Column: Your time is up, Larry Nassar


Soule Coram, guest columnist. / Photo by Riley Robinson.

By Soule Coram, guest columnist

TRIGGER WARNING: This story contains material which may be upsetting or harmful to survivors of sexual violence and sexual harassment.

Without thinking twice, we have all walked into appointments with doctors, orthodontists, physical therapists or specialized surgeons assuming that they will act professionally and perform their treatments with courtesy. We blindly give trust to these people. We give them power.

Larry Nassar took advantage of this trust in the athletes he “treated.” For 24 years — the first abuse dates back to 1994 — Nassar committed sexual crimes against the gymnasts who needed him to heal their pains.

July 2017 marked the beginning of Nassar’s public downfall from “all-star” doctor as he was charged to a 60-year sentence for child pornography. Today, more than 150 athletes have reported Nassar sexually abusing them, resulting in a 40-year prison sentence for criminal sexual conduct, with an additional 175 years should he outlive the 100 years of imprisonment already in place.

Nassar’s abusive “medical treatments” are repulsive, but it is equally concerning that Michigan State University, USA Gymnastics, the Olympic Committee and the FBI (who investigated Nassar in 2015) did not catch his abuse, or worse, covered up his actions.

CNN reported Olympian McKayla Maroney was paid in 2016 to silence her knowledge of the abuse and her personal trauma. It is gross and disturbing that multiple people with differing levels of power knew what Nassar was doing, and chose to keep quiet.

So why did athletes continue to see him? Why did athletes not warn each other?

Victims’ reports reveal the scandal became somewhat of a ‘he said, she said’ situation, and Nassar’s word held more weight than theirs when cases were brought to officials. He manipulated athletes into believing he was a “trusted friend,” when in actuality he abused that trust. Furthermore, as rumors started spreading, a majority of people did not want to address the issue because they didn’t think he was capable of so much harm. But clearly Nassar manipulated many.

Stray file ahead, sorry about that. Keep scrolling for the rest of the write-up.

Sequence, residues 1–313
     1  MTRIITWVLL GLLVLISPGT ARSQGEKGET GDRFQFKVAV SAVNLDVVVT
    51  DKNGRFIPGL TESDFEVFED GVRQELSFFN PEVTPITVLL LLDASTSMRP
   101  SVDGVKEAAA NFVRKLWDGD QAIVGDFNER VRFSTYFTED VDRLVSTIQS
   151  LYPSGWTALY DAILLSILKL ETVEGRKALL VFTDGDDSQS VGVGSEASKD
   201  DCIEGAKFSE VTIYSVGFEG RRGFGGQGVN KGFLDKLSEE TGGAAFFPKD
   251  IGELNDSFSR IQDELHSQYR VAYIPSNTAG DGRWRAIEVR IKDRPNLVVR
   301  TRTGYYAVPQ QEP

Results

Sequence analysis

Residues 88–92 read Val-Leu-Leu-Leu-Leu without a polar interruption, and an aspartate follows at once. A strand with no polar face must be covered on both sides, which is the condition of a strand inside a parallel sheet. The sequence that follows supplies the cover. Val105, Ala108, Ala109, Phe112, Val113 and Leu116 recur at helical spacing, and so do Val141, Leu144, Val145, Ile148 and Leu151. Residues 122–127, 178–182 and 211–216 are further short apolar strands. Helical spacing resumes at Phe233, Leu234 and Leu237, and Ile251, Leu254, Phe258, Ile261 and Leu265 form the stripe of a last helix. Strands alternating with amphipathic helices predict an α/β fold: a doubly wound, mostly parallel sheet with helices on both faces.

Nassar is a representation of how our society has normalized rape culture. Daily catcalling, whistling, looking people up-and-down and other, similar behaviors have led men — and especially authoritative figures — to believe they are entitled to do whatever they please to other humans. This is not a target on men; however, we need to address the fact that most perpetrators are male, and those perpetrators gain entitlement and protection because of our harmful culture.

The same culture that makes these behaviors acceptable in our society shames survivors into believing their abuse “wasn’t that bad,” or that they should stay quiet so they don’t “cause a scene.” These sickening social standards led Nassar to believe his actions were neither wrong nor inappropriate, and his late apology is little more than a weak attempt to try and gain sympathy from his victims.

It shouldn’t be too much to ask people to be respectful. Just because someone does not explicitly say no to sexual contact does not mean they imply yes. Molestation by trusted authority figures should not be happening. The “I didn’t know it was wrong” excuse cannot continue to be accepted; not in our classrooms, work environments or courtrooms.

The Time’s Up and #MeToo movements have created a space for survivors to speak up about their own experiences with sexual violence to inspire change. Yet our culture does not reflect an increasingly equitable, respectful society. Rather, it seems that as the movements continue, people are becoming tired of the stories, as if they are exhausted and don’t want to burden themselves with any more survivors’ stories.

But the conversation must not end: The dialogue must continue and our societal norms must change until it is universal behavior to be respectful to all people. Organizations such as USA Gymnastics and the Olympic Committee need to create procedures to protect athletes, encourage them to come forward with any issue and prioritize believing them over officials and superiors.

The time is up for sexual abuse.